Scary, yet another thing we agree on. Although I think the PLCs might be OK with usable software, I'll re-examine the MicroLogix line.

Regards
cww

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#### Curt Wuollet

After much research and beating my head against the wall, I think I've found a solution that fits. Someone wise once said: "If the problem is insoluble, change the problem". or something like that.
Instead of thinking of this as motion control of 6 steppers, I just changed the problem. All the _automation_ solutions I was finding had serious drawbacks, too expensive, too much hardware, too much........
So, I changed the problem. Really what I need to do isn't much different from a CNC router or even a 3D printer. They obviously don't use a whole cabinet full of PLCs and they cost a lot less these days than the _automation_ solutions I was seeing.

I just called it CNC and followed the maker crowd.

I have a proposed solution that will control 3 axis of stepper drives and motors and will set me back less than $100. Maybe much less. An Arduino UNO is about$16 and the software is free. We see the Arduino mentioned here occasionally. Some folks have written a G code interpreter and motion controller that runs on an Arduino.
It's called Grbl and looks to be a great fit. In fact it's pretty much overkill, but should work fine for what I have to do and it's all pretty much OTS and open source to boot. I'd much rather use two of these tiny SBC's and write in standard G code than spend hundreds and have to learn an(other) oddball proprietary language. So, I think the problem is solved or at least I have a good prospect.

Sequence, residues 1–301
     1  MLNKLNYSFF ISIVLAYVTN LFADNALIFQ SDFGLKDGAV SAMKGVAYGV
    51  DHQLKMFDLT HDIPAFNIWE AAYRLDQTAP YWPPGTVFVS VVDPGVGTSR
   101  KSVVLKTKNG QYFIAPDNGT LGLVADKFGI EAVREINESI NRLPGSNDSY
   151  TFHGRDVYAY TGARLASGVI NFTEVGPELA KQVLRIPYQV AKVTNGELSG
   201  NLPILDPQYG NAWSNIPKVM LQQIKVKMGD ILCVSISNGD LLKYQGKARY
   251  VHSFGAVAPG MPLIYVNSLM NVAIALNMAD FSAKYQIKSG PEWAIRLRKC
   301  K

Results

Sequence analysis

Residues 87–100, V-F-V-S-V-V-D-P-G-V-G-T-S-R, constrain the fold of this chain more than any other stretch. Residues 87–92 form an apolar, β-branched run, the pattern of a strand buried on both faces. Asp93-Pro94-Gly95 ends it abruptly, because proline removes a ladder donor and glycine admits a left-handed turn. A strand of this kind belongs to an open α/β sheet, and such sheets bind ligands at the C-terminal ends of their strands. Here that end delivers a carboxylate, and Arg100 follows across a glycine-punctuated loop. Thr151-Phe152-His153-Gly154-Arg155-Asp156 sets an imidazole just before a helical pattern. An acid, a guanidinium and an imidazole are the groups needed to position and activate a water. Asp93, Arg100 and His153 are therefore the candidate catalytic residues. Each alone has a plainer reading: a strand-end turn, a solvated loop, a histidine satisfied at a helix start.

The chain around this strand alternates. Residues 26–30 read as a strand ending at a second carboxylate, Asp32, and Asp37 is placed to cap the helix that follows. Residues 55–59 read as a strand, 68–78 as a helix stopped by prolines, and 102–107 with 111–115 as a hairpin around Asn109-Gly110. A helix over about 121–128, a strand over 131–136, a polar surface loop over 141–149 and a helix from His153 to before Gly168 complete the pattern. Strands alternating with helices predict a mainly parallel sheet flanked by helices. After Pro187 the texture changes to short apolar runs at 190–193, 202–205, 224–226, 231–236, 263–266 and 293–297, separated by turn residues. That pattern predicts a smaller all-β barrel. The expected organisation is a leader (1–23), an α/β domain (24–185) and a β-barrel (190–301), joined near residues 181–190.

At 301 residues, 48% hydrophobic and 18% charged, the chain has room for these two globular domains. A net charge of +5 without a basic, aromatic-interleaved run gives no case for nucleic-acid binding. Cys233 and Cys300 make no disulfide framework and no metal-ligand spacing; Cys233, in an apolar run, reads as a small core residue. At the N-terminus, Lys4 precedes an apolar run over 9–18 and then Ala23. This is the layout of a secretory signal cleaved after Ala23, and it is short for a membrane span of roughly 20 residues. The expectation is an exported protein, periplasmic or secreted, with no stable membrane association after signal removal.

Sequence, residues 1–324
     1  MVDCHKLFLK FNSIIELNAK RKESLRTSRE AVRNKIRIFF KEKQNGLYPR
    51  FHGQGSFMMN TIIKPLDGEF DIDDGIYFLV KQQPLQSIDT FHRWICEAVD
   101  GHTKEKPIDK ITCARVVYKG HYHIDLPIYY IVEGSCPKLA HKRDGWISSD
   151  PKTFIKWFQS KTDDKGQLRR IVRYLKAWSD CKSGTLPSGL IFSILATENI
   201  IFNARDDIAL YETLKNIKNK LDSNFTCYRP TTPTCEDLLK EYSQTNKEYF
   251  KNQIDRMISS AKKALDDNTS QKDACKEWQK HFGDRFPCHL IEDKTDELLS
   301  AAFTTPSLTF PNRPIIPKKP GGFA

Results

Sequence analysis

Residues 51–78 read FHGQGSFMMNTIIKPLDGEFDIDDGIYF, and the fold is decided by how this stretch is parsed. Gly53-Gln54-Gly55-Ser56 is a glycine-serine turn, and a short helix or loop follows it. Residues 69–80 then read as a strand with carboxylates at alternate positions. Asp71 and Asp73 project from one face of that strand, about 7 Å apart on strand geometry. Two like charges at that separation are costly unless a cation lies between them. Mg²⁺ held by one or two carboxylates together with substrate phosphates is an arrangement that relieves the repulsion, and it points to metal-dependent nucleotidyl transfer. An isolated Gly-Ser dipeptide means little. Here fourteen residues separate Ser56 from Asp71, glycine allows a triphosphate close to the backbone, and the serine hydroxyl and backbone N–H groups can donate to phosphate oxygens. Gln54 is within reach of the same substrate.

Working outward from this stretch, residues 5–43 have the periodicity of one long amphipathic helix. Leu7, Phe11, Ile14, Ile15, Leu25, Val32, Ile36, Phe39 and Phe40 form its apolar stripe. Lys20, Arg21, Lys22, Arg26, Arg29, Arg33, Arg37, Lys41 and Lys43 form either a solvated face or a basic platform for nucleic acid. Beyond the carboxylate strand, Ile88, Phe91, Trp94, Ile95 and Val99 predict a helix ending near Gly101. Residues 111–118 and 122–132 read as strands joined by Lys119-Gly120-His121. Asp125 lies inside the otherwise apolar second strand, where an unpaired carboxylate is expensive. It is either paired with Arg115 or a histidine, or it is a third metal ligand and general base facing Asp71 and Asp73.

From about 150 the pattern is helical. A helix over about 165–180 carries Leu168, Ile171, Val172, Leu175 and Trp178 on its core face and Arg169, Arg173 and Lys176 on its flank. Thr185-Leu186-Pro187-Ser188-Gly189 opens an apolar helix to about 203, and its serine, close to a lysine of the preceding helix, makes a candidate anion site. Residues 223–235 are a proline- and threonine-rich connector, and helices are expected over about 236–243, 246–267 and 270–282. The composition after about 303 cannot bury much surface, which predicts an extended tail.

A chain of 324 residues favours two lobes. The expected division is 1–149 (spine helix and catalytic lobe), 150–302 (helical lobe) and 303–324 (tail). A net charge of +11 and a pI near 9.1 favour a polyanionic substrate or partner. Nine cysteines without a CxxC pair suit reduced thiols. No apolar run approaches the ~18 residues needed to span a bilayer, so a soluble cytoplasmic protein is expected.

Thanks for the replies

cww

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#### BruceD

The XYZ Da Vinci 3D printer uses the same microcontroller as the Arduino Duo and there is Arduino software available to replace the firmware in the printer - check out Repetier.

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#### Curt Wuollet

The plan right now is simply to use Grbl on a DUO. The ballscrew slides will be coming with 2.8Nm steppers and drives to suit so all i need are the step and direction outputs for 3 axes. Grbl accepts Gcode directly, so I'll just set up a Click to send Gcode. Since the DUO wants USB, i'll either use a converter or, I've got a few arduino clone board blanks that have a serial port. I'd prefer a checksum protocol, but we'll see how it goes. It must be reasonably reliable, it takes a lot of Gcode to print something or even mill something. It's been a while since I've played with Gcode, but what I need to do is very simple. Grbl provides a lot of handy inputs that save PLC IO as well. It's a great fit.

Regards
cww

#### paulb

> I'd prefer a checksum protocol, but we'll see how it goes. It must be reasonably
> reliable, it takes a lot of Gcode to print something or even mill something.

How has this project turned out Curt? In the past six months I've done a little motion control hooking a PC (with 3 Ethernet sockets) up to a Kollmorgen drive.